AUBURN, AL (WSFA) - Mary Turnbull has a few stories to tell, stories of heartaches and frustrations.
"I remember a lady who was embarrassed and looked down," said Turnbull.
Turnbull is the head of the Presbyterian Community Ministry in Auburn, and it is here where people such as single moms with children who are truly down on their luck. If it's the power bill, the ministry lends them up to $200.00, up to $5,000 for an emergency home repair job and just about anything else. Clients are expected to pay back the loan to the tune of $15.00 to $20.00 a month.
"We had a single mom who was close to getting evicted," said Turnbull.
In Lee County more and more people find themselves in desperate situations. Turnbull estimates her case load has risen 30%, 30% in the last 12 months. Much of it is because of the soft economy and rising prices.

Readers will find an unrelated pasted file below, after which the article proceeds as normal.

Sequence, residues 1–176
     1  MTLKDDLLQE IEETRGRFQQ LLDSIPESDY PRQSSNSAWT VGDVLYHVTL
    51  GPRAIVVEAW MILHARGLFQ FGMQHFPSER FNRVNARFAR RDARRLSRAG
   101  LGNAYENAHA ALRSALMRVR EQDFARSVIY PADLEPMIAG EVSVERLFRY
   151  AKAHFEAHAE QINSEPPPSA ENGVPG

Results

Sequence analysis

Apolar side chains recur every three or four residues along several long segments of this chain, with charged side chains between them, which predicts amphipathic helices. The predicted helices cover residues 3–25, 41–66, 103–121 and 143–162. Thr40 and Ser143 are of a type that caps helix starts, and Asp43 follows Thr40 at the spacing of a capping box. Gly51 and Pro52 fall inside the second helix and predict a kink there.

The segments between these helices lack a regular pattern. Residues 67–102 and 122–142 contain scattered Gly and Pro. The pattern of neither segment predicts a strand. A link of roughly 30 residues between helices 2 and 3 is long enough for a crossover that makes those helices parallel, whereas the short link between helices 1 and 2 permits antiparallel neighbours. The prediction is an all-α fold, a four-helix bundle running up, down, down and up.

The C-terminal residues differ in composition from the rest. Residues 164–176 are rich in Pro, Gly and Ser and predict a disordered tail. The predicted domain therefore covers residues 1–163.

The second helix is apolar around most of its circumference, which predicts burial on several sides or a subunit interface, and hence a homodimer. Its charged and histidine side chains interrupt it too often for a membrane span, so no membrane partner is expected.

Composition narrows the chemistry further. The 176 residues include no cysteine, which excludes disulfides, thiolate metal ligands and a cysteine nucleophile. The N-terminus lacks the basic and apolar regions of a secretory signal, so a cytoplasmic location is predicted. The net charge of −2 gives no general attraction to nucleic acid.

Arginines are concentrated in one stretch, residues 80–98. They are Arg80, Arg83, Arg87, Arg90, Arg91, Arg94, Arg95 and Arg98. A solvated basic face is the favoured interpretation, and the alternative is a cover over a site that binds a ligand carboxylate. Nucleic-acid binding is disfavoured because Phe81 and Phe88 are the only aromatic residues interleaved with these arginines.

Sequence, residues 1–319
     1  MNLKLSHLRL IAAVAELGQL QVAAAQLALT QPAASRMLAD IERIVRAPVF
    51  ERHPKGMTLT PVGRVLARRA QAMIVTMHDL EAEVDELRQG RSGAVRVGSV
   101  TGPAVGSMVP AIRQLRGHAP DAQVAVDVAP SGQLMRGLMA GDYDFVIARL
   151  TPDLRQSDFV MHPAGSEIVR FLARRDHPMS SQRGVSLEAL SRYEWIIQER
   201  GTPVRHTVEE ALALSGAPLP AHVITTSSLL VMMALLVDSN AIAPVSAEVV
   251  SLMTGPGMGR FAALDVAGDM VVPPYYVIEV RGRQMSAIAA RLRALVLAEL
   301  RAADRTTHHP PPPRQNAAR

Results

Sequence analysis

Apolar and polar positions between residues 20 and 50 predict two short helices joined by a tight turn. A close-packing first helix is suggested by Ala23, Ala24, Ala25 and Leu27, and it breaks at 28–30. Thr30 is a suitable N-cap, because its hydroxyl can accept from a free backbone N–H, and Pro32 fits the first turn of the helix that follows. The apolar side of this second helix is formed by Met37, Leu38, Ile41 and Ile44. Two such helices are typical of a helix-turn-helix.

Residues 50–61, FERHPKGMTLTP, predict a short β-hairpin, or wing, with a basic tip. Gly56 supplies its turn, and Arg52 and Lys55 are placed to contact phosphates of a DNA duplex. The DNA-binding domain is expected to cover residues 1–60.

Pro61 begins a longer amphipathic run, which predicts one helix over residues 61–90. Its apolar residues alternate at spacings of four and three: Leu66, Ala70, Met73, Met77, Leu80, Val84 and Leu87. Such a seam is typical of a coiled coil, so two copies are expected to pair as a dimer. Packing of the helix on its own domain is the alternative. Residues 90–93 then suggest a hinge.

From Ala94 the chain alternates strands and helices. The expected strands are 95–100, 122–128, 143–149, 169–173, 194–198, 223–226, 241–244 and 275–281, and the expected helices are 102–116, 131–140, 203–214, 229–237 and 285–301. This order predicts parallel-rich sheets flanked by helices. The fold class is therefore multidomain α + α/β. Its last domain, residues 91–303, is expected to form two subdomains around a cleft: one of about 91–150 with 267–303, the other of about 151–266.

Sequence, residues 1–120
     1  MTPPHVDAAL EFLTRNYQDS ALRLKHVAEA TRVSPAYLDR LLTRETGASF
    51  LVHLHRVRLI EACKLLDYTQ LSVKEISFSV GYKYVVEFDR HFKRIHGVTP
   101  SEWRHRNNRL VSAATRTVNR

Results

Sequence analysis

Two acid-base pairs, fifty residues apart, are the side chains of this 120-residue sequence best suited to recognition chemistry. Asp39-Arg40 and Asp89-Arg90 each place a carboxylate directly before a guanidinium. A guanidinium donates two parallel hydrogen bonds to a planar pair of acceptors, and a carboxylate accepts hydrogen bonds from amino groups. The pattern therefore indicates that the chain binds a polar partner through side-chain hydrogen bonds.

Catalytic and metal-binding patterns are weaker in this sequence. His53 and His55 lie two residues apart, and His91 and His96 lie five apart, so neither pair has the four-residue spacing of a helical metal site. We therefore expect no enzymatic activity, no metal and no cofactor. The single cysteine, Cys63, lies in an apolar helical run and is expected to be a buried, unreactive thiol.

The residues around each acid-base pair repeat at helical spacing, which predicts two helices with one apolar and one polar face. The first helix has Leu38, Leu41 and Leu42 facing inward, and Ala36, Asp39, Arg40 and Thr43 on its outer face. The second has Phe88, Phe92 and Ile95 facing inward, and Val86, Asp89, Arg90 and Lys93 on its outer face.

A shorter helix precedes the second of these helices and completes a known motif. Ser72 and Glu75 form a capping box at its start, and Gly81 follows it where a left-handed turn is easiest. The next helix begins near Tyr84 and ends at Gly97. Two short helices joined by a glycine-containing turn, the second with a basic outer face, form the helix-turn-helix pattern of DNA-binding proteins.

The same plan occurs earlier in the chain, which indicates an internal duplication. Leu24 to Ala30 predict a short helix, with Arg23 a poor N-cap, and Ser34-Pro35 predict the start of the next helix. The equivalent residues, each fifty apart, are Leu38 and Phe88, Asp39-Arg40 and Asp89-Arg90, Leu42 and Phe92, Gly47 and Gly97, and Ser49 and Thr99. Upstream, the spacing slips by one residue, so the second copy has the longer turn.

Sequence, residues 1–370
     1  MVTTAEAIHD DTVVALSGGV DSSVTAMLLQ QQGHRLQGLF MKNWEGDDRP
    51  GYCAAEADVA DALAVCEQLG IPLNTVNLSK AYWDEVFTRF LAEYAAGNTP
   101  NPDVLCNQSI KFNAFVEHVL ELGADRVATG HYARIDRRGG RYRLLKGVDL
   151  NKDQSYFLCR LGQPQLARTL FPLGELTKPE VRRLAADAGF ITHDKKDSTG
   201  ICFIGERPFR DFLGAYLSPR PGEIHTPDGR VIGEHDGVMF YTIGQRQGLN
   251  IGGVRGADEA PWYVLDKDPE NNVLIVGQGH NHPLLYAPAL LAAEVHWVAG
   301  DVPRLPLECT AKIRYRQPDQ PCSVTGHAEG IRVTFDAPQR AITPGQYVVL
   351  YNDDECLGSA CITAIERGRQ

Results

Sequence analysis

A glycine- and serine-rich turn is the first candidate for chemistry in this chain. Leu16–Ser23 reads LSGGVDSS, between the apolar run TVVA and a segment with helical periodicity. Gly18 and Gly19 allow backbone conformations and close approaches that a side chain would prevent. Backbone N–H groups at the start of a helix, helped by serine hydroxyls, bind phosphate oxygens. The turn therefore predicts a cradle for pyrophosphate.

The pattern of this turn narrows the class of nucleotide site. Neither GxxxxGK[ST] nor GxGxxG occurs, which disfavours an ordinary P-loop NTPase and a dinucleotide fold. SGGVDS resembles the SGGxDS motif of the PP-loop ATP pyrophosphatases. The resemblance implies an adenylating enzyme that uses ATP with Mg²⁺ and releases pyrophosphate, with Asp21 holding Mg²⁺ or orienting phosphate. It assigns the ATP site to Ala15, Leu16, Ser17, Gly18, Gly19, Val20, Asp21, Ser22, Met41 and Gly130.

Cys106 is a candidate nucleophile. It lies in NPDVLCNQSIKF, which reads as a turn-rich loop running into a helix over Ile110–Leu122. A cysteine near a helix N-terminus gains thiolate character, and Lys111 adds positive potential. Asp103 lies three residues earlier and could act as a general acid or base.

"We've also seen a change in the kind of people coming in," said Turnbull.
What Mary Turnbull finds startling is that it isn't just the low-income showing up and calling but the college-educated as well. Turnbull says both groups have apparently made all the possible sacrifices before walking in.
With the economy being down, Turnbull and her board of 25 expects to be busier than ever in the next few months. Mary has folders filled with applications, the overwhelming majority of them needing help with the light bill during some dark times.
Now that Alabama Power has settled on an 8.2% rate increase, Turnbull anticipates receiving more applications in the near future. The Public Service Commission is expected to formally vote on the rate increase on October 7th.